Microscopy-based studies of CD1d and MR1 assisted T-cell activation

Supervisors: Prof Christian Eggeling and Prof Vincenzo Cerundolo

Background

T-cells play a central role in cell-mediated immunity. Their immune-modulatory properties are activated by the binding of T-cell receptors (TCR) to antigen complexes on the membrane surface of accessory or antigen-presenting cells (APC). iNKT cells are an exceptional sub-population of T-cells, since their activation is restricted to the lipid-antigen presenting glycoprotein agonist CD1d. Paradoxically, effector functions of iNKT are varied and they can lead to suppressed or enhanced immune responses. Other antigen-presenting molecules include MHC class I-related (MR1) proteins, which are specific to antigens such as vitamins. Yet, little is known so far about the activity of CD1d or MR1 proteins. Understanding how to elicit specific effector functions is of great importance to be able to effectively harness these cells therapeutically [1].

Unfortunately, certain details of cellular organizations and interaction dynamics cannot accurately be determined in the living cell because of the limited spatial resolution of far-field optical fluorescence microscopy, which prevents the discrimination of objects closer together than approximately 200 nm, i.e. details of molecular organization and dynamics on (macro)molecular scales cannot be recovered directly. A remedy to this is recently evolved super-resolution optical microscopy or nanoscopy, and approaches such as STED (stimulated emission depletion microscopy) have now evolved into superior tools for investigating cells and their immunological response at the nanoscale [2].

Project

We are still missing certain aspects of how CD1d or MR1 are organized within the APC’s membrane are missing. For example, presentation of lipid-CD1d complexes by different types of APCs, binding affinities of CD1d-lipid complexes for the iNKT TCR, loading of CD1d lipid complexes at the cell surface, and incorporation of CD1d-lipid complexes to ganglioside-enriched microdomains in the plasma membranes of APCs have all been shown to influence the functional outcome of iNKT cell activation [3]. In addition, we have just shown strong influence on the functionality and organization of CD1d and MR1 by the cellular cytoskeleton.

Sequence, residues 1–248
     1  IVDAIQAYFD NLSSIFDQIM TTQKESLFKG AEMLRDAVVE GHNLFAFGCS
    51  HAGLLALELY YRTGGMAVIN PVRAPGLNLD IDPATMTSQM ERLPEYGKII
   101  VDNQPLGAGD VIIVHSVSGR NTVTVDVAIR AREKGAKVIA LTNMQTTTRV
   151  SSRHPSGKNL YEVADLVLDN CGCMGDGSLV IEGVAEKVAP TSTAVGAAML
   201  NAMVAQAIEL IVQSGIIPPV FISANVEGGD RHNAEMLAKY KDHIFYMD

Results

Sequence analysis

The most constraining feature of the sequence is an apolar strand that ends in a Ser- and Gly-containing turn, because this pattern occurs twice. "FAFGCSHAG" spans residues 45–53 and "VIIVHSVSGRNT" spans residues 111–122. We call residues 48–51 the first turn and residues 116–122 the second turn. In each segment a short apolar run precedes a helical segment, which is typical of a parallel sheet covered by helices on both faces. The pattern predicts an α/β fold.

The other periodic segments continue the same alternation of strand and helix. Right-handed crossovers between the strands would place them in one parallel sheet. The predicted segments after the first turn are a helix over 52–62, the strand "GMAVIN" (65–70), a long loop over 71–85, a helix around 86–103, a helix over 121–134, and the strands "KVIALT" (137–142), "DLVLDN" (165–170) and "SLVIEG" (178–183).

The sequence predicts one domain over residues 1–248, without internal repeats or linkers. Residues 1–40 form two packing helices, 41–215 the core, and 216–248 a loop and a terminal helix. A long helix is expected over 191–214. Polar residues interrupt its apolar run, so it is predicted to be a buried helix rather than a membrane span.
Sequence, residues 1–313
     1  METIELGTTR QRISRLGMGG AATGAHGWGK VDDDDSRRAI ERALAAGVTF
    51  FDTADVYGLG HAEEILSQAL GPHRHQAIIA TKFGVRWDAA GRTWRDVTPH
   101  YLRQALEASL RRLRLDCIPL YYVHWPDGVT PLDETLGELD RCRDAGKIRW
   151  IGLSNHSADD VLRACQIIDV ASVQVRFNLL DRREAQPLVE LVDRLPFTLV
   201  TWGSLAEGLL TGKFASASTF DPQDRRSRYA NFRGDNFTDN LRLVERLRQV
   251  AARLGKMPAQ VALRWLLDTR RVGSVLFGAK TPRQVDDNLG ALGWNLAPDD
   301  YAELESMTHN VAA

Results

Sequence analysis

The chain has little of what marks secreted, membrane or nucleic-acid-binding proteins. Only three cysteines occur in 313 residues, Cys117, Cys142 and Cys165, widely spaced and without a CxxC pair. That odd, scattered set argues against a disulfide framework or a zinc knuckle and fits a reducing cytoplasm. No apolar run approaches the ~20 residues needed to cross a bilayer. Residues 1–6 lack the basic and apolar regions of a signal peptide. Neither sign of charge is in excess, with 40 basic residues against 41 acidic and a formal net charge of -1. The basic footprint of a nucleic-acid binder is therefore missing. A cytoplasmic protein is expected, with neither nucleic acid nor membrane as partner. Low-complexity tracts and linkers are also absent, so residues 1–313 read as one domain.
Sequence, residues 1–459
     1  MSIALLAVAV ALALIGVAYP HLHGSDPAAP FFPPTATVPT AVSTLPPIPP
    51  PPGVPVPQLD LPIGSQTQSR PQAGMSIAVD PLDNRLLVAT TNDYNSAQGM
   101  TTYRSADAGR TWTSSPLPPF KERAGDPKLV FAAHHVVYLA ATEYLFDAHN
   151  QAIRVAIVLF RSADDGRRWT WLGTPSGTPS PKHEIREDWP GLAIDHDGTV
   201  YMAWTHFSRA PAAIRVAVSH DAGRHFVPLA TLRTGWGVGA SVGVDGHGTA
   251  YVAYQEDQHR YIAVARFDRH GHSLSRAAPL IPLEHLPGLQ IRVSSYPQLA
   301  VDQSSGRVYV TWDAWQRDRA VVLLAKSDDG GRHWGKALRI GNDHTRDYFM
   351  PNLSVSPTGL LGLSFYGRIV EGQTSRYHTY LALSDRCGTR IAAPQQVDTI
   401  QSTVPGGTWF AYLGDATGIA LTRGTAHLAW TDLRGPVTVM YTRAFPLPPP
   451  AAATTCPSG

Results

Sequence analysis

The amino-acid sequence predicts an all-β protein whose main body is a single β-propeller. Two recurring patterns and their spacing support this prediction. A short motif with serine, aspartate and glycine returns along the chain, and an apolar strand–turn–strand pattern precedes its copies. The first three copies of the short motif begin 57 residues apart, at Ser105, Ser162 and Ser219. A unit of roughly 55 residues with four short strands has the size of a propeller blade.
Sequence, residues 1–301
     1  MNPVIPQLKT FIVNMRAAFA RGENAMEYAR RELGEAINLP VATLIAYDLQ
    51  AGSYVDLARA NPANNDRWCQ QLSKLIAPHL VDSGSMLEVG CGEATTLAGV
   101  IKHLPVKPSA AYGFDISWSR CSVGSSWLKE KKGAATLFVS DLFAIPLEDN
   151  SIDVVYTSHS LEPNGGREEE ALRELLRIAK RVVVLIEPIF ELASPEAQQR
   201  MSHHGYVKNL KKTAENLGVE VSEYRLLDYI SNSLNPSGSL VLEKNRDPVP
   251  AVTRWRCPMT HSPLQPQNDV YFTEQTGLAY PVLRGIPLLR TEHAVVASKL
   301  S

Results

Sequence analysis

The presented project will use novel super-resolution microscopes such as a STED microscope to investigate the cellular (especially the lysosomal and plasma membrane) organization and interaction dynamics of the involved molecules (CD1d, lipids, MR1, vitamins, actin) using advanced optical microscopy tools. We will make use of different cell lines expressing full length or truncated CD1d or MR1 molecules, in the presence or absence of antigen transfer proteins to characterize how loading and distribution of protein-antigen complexes in APCs affects T cell effector function. By using advanced microscopy techniques, we expect to obtain unique new insights into this immunological response process.

Training Opportunities

This project will be based in the MRC Human Immunology Unit at the Weatherall Institute of Molecular Medicine, with access to state-of-the-art facilities. The project provides an opportunity for training in a broad range of different techniques, such as cell culture, molecular biology, and microscopy, specifically including novel super-resolution microscopy techniques. The disclosure of unique new details of the role of innate sensors such as CD1d or MR1 is an important line of basic immunological research that may translate into new approaches of modulating the immune response during infection and may pave the way to new vaccine adjuvants. Close collaboration with many scientists will be required.

Theme

Immunology & T-cell activation, super-resolution STED microscopy, lipid-protein interactions

Publications

  • [1] M. Salio, J.D. Silk, E.Y. Jones, V. Cerundolo. Biology of CD1- and MR1-restricted T cells. Annu Rev Immunol, 32, 323-366 (2014).
  • [2] C. Eggeling, K.I. Willig, S.J. Sahl, S.W. Hell. Lens-based fluorescence nanoscopy. Q Rev Biophys 48, 178–243 (2015).
  • [3] J.D. Silk, M. Salio, B.G. Reddy, D. Shepherd, U. Gileadi, J. Brown, S.H. Masri, P. Polzella, G. Ritter, G.S. Besra, E. Y. Jones, R.R. Schmidt, V. Cerundolo. Cutting edge: nonglycosidic CD1d lipid ligands activate human and murine invariant NKT cells. J Immunol, 180, 6452-6456 (2008).

For further information, please contact:

Prof Vincenzo Cerundolo and Prof Christian Eggeling